Learn How to Build Your Canadian-Style Resume: The 8 Do’s and Don’ts

In the world of Canadian immigration, a leading factor in strengthening your professional identity and optimizing your chances of finding employment lies in your ability to write a Canadian-style resume.

This document holds even greater significance than you may initially give it credit for, and it introduces you to prospective Canadian hiring managers and recruiters. It is essentially your bragging sheet for not just your hard skills, experience, and past education, but also your personal character and potential for cultural adaptability to the Canadian job market.

To guide you through the intricacies of writing a resume that aligns with Canadian standards, skilledworker.com has compiled a list of Do’s and Don’ts to keep in mind:

The Do’s

1. Clarity and simplicity are key

Recruiters often get hundreds of resumes for a job posting, and they only have limited amounts of time to go through them. They therefore value straightforwardness. You will get plenty of time to impress them with words, but the resume is not the place for that.

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Present information in a digestible manner so that hiring managers do not skim over relevant facts. Utilize easy and clear to understand language that is free of exaggeration and irrelevant jargon.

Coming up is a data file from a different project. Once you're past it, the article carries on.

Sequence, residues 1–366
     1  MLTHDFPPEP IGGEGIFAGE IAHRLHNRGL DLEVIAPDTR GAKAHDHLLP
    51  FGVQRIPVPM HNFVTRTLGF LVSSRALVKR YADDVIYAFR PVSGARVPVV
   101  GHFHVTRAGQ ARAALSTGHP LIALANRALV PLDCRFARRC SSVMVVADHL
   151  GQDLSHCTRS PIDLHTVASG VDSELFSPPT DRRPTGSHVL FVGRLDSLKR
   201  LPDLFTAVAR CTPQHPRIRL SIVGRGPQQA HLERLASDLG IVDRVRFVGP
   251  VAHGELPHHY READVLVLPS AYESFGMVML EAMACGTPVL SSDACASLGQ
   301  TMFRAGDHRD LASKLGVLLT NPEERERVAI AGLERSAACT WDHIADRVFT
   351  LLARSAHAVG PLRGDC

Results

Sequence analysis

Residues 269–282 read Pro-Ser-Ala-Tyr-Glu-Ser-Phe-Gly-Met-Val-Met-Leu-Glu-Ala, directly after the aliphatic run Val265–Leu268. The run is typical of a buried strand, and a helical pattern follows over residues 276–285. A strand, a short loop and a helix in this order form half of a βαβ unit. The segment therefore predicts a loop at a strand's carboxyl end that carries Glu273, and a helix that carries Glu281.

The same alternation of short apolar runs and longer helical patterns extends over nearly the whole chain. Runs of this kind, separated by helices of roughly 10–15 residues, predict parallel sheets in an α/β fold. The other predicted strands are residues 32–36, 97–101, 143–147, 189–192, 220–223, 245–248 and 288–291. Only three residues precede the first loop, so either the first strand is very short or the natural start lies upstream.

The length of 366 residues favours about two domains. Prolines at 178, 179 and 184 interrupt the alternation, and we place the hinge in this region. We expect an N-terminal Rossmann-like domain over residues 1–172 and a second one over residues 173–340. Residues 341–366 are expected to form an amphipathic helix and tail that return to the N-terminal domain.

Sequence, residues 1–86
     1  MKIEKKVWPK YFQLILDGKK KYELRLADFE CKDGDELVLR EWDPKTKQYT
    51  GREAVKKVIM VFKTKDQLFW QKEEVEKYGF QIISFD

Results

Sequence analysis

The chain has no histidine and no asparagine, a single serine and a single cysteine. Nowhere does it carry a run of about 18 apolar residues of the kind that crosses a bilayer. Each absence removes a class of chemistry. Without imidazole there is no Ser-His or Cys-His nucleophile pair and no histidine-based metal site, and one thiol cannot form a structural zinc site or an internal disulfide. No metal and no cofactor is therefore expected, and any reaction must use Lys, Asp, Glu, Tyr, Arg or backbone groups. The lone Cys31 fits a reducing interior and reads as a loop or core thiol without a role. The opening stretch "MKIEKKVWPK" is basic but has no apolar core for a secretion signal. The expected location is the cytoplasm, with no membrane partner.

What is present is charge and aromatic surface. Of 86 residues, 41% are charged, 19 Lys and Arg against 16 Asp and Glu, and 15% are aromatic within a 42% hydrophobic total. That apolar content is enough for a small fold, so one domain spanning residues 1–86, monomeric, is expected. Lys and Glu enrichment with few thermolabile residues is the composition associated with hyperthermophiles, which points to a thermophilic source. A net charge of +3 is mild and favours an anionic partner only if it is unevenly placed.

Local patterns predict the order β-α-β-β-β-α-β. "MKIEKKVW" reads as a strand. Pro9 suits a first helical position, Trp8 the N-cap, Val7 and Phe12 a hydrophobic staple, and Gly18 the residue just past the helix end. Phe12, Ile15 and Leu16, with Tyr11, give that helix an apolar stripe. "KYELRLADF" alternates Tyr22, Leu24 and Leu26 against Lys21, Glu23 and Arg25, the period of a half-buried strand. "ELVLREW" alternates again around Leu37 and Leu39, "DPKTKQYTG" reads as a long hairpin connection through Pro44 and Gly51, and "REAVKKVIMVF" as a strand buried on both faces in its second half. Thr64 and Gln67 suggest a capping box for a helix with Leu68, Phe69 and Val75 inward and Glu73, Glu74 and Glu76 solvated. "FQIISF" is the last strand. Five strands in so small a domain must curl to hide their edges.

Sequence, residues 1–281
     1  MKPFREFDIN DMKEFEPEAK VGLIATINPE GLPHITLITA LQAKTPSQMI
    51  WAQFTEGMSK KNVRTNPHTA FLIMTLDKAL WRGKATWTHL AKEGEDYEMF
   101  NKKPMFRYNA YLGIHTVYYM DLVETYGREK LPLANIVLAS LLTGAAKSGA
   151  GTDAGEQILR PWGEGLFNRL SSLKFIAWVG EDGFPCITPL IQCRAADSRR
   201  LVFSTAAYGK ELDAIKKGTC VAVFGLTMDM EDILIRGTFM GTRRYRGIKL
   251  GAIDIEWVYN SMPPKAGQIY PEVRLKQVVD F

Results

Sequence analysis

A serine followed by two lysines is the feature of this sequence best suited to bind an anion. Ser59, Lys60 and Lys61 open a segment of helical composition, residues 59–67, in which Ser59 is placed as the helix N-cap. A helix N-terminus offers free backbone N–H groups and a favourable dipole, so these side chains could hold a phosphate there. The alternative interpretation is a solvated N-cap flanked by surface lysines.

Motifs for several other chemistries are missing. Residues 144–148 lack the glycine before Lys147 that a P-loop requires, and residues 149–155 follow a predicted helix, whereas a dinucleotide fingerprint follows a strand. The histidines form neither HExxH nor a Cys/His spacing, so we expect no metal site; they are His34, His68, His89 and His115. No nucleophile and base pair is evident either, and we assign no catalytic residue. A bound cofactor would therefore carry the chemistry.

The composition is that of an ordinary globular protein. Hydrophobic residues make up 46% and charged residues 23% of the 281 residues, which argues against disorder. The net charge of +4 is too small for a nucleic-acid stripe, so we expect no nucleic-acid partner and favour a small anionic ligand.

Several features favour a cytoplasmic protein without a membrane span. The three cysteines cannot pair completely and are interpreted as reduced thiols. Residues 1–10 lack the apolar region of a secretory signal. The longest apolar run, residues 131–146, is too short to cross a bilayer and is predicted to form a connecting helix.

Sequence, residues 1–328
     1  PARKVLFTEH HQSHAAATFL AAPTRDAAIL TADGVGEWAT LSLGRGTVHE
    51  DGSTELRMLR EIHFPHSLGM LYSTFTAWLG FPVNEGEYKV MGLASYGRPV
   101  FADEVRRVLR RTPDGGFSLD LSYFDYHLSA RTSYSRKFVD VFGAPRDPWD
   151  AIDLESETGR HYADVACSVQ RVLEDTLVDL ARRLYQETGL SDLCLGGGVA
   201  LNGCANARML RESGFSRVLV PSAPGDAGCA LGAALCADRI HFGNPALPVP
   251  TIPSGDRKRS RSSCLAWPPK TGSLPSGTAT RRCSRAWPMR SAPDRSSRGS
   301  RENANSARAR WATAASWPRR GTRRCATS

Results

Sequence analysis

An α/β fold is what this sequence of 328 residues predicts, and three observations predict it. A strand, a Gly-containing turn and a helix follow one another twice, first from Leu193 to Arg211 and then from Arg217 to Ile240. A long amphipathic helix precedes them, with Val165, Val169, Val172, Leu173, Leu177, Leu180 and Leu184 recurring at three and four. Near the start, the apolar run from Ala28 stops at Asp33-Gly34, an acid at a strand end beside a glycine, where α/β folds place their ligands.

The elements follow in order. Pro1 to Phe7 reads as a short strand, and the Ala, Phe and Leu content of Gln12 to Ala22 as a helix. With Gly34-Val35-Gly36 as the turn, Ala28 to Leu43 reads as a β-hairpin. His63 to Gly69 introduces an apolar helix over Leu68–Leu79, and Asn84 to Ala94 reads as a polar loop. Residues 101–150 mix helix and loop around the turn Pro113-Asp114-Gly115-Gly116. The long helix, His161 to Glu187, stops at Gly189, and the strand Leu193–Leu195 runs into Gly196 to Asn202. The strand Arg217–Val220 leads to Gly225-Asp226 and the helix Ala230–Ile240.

2. Provide your contact information

This should be clearly visible and updated. After all, how can recruiters reach out to you if they have no idea where to find you?

Include your full name, phone number, email address, and a link to relevant social media (especially your professional LinkedIn profile). This facilitates smooth communication.

3. Reverse the chronology

The rule of thumb is: latest work experience first, followed by the one before that, and so on. This reversal of your work history provides structure to your resume, and brings your latest experience – that is, your most relevant experience – to the forefront.

Employers would thus be able to track your career progression, and assess big leaps you may have made over the years.

4. Include a professional summary

The resume should be initiated with a brief, easy to comprehend, and relevant summary of your professional life. It is an introduction to your resume, encapsulating relevant skills, work experience, and career prospects.

Try to customize this section of your resume for every role you apply to, as employers may want to know what brings you to them.

5. Soft skills are important

Yes, hard skills are often the ones employers look at first, be it in a particular software, coding language, or editing platform. However, the Canadian job market also greatly values soft skills, such as teamwork, adaptability, and communication.

You need to prove that you are as adept in interpersonal interaction as you are in your technical prowess.

6. Look into search engine optimization (SEO)

Recruiters often us an applicant tracking system (ATS) to filter through the hundreds of applicants they receive, which ensures they are only presented with the most relevant CVs.

To bypass this level of the hiring process, you must tailor your resume by including industry-specific keywords that are relevant to the role you are pursuing.